Casually Yours

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Shalini Rawla, Managing Consultant, The Key

Shalini Rawla, Managing Consultant, The Key, Consumer Diagnostics and Intelligence Solutions

What marketers should do to tap into a new social behaviour

The new social
Think of the years without the internet. Don’t think productivity. Think relationships. Yours and mine – without the internet. That was a time when ‘social dos’ had a different meaning. It was frequent offline get togethers. Where we drank ourselves silly and discussed things that mattered and did not matter. We bitched, praised and laughed about people, the things they did and should not have done. Discussed holiday spots and politics all in the same breath.

Perhaps we drank over a game of cards, pictionary or just aimless conversations. It was fun even if you woke up with a hangover the next day. Do we not do the same now? Of course we do. Except not as frequently. And when we do not meet that frequently, we tend to have those conversations still. Only, they are not in real time. Friends do ‘like’ or comment on our thoughts, which we now call ‘status updates’. We do get into friendly spars at times.

We still share memories and jokes with friends. But now we do that alone. Sitting at one end of the screen. Sharing things with not just a small coterie of friends but with their friends and with a larger unknown, unmet group of people we call friends.  That is how social we are today.

Age old social behavior
Man as a social animal is an age old behavior. The new social media is perhaps just technology’s way of playing catch-up with our real offline lives. And that is where we face the biggest difficulty in this game – we apply an offline context to our online discussions.

We have no idea that the world is our audience when we post something. We do not consider the impact our updates may have on the large unknown mass we call our friends of friends. We all need a lesson in the new ‘social dos’ of today.

Surely this is not a new observation. Nor is it an excuse to familiarise us with a new set of social netiquettes. But an observation on how our posts of 2012, what we did in 2012, wore a very different hue from any other year before. Observed in a collective manner, it portrays a very telling picture of the patina that coats our changing social behavior.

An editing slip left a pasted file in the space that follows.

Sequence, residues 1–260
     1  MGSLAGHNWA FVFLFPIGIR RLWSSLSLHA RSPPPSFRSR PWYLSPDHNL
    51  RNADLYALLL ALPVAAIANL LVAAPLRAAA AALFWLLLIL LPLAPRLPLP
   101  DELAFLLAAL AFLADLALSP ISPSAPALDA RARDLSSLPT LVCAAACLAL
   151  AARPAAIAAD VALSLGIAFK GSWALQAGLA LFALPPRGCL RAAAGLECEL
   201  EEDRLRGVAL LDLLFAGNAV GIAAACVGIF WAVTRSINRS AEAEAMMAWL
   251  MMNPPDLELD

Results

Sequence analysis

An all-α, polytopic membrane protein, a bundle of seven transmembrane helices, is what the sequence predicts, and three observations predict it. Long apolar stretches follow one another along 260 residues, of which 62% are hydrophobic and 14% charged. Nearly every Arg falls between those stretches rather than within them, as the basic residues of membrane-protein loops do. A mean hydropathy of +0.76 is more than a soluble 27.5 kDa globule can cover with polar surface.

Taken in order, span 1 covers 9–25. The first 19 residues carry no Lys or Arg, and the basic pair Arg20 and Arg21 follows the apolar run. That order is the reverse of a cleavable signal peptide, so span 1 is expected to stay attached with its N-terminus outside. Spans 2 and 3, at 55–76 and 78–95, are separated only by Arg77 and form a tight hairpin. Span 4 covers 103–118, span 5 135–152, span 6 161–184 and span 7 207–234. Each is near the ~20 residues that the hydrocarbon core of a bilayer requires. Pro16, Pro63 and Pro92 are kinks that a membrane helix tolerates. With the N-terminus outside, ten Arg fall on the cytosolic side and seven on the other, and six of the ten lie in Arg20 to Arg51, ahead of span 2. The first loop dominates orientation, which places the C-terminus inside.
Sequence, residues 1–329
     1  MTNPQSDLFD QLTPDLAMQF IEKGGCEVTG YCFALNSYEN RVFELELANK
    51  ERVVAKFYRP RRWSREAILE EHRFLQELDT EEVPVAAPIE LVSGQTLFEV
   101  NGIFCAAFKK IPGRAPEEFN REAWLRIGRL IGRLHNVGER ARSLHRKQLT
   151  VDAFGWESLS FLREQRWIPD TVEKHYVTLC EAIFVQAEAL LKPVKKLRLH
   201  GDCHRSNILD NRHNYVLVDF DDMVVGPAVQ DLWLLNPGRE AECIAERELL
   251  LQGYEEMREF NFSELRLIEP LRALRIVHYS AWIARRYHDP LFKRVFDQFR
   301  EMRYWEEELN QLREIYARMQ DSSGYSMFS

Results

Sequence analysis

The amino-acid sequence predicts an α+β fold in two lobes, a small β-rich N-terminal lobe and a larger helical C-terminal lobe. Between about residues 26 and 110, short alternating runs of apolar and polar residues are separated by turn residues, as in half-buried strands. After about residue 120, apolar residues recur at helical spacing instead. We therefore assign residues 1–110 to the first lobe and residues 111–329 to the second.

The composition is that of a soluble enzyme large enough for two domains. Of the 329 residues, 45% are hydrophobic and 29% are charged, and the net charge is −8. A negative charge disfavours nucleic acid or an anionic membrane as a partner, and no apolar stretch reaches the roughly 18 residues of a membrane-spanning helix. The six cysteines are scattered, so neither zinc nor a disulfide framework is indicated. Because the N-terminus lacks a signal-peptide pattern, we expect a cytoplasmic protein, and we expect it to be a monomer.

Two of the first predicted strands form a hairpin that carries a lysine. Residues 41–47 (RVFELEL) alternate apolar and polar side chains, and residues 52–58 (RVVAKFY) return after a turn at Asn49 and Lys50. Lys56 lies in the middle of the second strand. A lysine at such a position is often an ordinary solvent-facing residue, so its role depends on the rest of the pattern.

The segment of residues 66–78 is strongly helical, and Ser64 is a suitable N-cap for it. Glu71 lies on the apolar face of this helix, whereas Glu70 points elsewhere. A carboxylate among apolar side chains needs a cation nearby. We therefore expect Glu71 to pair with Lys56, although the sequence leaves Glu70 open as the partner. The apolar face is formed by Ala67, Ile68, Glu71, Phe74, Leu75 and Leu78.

2012: The casual beginning
Whether it is Narendra Modi’s tweet on Tharoor’s ` 50 crore girlfriend or Shaheen Dhada’s much hyped FB post on Balasaheb’s death or Suresh Raina’s ‘besharam’ tag for team Pakistan or even an offline prank call made by the Aussie DJs leading to the suicide of the  nurse of UK’s hospital, there is a chillingly apparent casual and impusive tenor to the social conversations we are having these days.
This casual approach is evident in other dimensions as well – with relationships, with careers, with companies, with marriage, with parenting and what have you.

Casual is the new normal
There is a casualness to hitherto formal things in life. None of us who were working a decade back would find a resignation or request for leave through a text message, acceptable. But it is happening these days. And is considered to be perfectly normal by those who use technology as an enabler for doing things differently.

The same casual approach is evident in business writing which is nothing but an extension of a text message with cryptic abbreviations liberally interspersd with emoticons. The same casual approach is evident in the scant preparation for a job interview where the incumbent just knows the name of the company and not necessarily what it does. Or even if s/he does land a job, the ‘casualness’ rears its head in three to six months as Gen Y realises that ‘this is not what they had imagined it would be like’!